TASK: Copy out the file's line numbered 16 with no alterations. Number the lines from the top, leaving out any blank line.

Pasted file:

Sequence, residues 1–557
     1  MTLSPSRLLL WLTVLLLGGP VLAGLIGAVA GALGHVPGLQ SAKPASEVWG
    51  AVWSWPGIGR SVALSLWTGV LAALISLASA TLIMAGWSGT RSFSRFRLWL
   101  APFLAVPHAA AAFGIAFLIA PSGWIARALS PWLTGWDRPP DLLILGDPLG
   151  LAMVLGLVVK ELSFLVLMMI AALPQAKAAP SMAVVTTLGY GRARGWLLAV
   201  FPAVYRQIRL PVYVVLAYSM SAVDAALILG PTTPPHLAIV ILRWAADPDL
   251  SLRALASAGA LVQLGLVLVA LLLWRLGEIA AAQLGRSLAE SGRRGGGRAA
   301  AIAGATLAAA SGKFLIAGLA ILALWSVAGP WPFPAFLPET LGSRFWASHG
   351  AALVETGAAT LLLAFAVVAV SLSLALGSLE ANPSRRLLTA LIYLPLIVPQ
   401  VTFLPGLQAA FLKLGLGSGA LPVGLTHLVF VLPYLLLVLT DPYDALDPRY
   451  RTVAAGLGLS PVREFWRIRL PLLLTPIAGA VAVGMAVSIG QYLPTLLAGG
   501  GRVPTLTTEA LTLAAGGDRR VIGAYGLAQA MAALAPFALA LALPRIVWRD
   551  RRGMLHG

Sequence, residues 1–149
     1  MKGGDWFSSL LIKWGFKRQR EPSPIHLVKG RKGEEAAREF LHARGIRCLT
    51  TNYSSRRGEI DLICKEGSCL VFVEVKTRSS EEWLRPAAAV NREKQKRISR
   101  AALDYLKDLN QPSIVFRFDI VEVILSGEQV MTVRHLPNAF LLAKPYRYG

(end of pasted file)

    51  TNYSSRRGEI DLICKEGSCL VFVEVKTRSS EEWLRPAAAV NREKQKRISR